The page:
Data data data!!! Much apologies for keeping everyone waiting!
Let's just remind ourselves of what we we're looking for so we know whether to be excited or sad when we finally get these dates :) I want to find stalagmites that formed during the Eemian period. This is why: Technically, the earth is currently in an "Ice Age" and has been for the past 2.5 million years (Antarctica is covered with ice as we all know). But "Ice Age" climates vary between "glacial" states (90% of the time) and shorter "interglacial" states (warmer and less ice, like today). These fluctuations are due to astronomical cycles (solar energy and orbital variations), the composition of the atmosphere (greenhouse gases), and changes in ocean currents. The interglacial state we are currently in is called the Holocene, which has been surprisingly stable for the past 11,000 years. The earth's last interglacial state was the Eemian, which began about 130,000 years ago and lasted for about 10,000 years. For many reasons (see previous post) it would be great to know how these two individual warm interglacial periods compare. So we are looking somewhat blindly for stalagmites (our time capsules of tropical climate knowledge) that formed throughout the Eemian period (130,000 to 120,000 years ago).
Below are the best-guess stalagmites that I chose to try to date for this project. These are scanned images of the "slabs" that I talked about slicing in previous writing. The tops will be the youngest, and the bottoms the oldest, since stalagmites grow from bottom up over time. The arrows show where I drilled out my sample.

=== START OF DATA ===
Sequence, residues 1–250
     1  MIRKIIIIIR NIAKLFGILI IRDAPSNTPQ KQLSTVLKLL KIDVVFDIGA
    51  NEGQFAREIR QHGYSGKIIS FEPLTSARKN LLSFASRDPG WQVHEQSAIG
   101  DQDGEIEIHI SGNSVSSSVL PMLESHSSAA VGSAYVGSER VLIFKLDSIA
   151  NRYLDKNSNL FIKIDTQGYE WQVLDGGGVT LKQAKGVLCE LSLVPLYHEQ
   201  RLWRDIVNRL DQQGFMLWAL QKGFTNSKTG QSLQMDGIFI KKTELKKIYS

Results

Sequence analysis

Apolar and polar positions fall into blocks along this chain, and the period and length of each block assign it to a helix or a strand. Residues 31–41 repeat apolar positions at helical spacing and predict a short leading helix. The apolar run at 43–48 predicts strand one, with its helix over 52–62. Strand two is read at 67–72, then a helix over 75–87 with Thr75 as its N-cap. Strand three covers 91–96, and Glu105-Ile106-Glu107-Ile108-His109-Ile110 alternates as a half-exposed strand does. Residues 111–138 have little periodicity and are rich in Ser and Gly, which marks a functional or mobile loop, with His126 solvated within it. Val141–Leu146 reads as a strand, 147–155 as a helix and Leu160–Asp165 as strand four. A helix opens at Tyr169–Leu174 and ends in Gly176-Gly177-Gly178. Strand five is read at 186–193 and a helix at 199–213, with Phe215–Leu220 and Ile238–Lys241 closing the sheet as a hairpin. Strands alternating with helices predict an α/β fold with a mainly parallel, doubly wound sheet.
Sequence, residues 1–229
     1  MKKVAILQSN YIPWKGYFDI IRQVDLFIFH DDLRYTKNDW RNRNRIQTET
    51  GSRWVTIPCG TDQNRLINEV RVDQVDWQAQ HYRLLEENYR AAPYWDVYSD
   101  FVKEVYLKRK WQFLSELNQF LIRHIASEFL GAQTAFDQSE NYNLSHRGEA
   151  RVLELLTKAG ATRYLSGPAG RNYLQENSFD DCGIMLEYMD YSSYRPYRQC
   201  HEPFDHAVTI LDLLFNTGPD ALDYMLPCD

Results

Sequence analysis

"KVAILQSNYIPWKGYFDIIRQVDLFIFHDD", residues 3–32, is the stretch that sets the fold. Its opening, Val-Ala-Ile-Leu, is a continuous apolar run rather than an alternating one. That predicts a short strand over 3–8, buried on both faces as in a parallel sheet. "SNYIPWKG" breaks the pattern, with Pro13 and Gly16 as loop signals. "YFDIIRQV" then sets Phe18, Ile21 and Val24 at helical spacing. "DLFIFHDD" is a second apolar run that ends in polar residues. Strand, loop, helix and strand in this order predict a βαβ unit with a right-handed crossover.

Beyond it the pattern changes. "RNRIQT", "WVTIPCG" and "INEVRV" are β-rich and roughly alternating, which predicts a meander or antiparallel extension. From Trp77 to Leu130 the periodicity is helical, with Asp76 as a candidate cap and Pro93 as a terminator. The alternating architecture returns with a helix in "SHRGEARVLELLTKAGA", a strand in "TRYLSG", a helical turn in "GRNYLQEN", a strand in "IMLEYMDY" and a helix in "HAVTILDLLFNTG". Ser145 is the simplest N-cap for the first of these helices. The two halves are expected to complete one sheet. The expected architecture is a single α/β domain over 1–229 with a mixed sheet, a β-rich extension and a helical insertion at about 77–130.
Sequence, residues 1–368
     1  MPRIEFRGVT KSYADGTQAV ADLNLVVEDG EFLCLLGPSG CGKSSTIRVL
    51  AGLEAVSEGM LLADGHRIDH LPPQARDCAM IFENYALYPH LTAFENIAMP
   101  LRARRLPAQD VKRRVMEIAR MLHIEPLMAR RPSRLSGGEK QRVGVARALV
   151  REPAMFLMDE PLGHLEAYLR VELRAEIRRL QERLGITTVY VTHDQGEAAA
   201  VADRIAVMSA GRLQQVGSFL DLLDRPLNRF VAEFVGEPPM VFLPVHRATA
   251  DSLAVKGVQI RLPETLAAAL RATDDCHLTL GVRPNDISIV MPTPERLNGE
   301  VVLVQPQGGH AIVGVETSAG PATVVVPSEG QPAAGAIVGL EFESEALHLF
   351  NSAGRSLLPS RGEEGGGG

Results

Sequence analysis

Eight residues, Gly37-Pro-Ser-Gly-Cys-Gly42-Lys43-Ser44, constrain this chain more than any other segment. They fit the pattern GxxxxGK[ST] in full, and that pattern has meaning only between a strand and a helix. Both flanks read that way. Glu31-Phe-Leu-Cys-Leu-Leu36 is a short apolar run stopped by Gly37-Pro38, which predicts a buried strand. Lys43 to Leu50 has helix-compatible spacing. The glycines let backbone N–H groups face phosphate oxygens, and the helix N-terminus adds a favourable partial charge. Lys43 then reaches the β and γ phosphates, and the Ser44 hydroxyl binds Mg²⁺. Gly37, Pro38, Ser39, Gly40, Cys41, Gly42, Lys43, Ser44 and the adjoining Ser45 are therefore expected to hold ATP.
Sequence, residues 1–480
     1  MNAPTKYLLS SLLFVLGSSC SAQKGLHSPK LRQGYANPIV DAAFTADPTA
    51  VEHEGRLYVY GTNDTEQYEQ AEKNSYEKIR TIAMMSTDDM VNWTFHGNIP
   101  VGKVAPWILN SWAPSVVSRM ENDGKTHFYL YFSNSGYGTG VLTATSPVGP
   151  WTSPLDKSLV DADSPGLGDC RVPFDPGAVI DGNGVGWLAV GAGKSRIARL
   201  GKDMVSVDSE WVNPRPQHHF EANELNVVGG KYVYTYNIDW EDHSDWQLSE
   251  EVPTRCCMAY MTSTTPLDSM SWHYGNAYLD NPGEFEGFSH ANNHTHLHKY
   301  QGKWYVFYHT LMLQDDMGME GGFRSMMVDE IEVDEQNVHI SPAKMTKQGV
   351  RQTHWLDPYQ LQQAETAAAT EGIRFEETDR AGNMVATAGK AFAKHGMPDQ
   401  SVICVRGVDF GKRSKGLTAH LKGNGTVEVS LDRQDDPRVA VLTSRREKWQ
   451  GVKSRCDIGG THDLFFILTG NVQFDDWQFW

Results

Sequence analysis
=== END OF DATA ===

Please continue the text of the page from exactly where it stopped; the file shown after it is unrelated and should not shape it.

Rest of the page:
Data collection from the ICP-MS is incredibly complicated and complex, and not very relevant here, so I am not going to discuss. I will just share the final counts of each element that we were looking for (U-238, U-234, Th-230) in each of the samples, which we will assume I calculated correctly from the ICP-MS output data. Notice how many more U-238 there are in all stalagmites (which is the most abundant uranium type found naturally because it has a half-life of a whopping 4.5 billion years! Recap: U-238 decays into U-234, which then decays into Th-230, which then decays into another element... that's why they are all technically radiogenic.) Th-230 are the smallest in number (Th-230 has a half-life of only 75,000 years), thus any Th-230 contamination from dirt/mud will likely cause the most error in our ages.
So what do we do from here? Sigh, all that work, and I still desperately need more samples, there's no way I can learn about the Eemian period if I only have half of it represented with one lonely stalagmite. It is best to have at least 3 records so that I can compare the results and make sure they are all reproducible. So, happily, it's time to go back to the caves (in Malaysian Borneo!) and collect even more fallen stalagmites, and hope that a few that I bring back just happened to have grown during the past 115,000-135,000 years.
Hey what a coincidence! We are headed to Borneo in less than two weeks! And then back to Caltech. YES! Stay tuned :)